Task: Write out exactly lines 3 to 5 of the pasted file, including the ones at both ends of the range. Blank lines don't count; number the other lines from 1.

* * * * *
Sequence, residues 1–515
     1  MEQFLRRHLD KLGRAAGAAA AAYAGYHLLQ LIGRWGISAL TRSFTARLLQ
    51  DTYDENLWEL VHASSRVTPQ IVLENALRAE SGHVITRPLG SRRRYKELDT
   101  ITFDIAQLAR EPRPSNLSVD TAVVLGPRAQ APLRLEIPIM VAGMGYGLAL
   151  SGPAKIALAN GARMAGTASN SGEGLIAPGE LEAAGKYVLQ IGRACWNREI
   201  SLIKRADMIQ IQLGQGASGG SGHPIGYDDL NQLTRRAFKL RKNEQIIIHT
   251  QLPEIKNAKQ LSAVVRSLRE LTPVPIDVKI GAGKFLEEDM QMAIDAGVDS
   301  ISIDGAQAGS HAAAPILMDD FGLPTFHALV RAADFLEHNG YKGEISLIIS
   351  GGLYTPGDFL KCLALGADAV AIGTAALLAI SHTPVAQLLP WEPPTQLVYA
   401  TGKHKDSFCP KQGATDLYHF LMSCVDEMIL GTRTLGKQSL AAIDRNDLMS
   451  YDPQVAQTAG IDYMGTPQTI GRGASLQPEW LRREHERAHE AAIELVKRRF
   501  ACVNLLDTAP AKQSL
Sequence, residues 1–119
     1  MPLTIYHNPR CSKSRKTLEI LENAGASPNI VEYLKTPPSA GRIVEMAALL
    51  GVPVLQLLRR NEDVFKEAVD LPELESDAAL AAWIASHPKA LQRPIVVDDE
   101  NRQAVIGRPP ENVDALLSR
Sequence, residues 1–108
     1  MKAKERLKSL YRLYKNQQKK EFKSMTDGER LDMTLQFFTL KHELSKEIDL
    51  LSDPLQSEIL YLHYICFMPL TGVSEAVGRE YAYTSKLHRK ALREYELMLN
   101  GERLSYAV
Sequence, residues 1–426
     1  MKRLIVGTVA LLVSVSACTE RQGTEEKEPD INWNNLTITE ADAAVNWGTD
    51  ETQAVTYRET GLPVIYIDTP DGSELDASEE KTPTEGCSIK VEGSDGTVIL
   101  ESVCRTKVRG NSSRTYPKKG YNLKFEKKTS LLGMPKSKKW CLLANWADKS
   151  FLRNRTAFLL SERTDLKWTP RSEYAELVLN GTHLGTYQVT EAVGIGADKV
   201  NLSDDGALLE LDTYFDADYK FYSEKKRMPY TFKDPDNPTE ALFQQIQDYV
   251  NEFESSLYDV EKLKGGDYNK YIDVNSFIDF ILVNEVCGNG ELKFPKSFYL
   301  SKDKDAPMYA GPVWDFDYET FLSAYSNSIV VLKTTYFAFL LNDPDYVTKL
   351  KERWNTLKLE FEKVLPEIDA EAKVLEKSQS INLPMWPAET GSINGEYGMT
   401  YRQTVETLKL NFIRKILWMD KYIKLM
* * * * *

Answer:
    51  DTYDENLWEL VHASSRVTPQ IVLENALRAE SGHVITRPLG SRRRYKELDT
   101  ITFDIAQLAR EPRPSNLSVD TAVVLGPRAQ APLRLEIPIM VAGMGYGLAL
   151  SGPAKIALAN GARMAGTASN SGEGLIAPGE LEAAGKYVLQ IGRACWNREI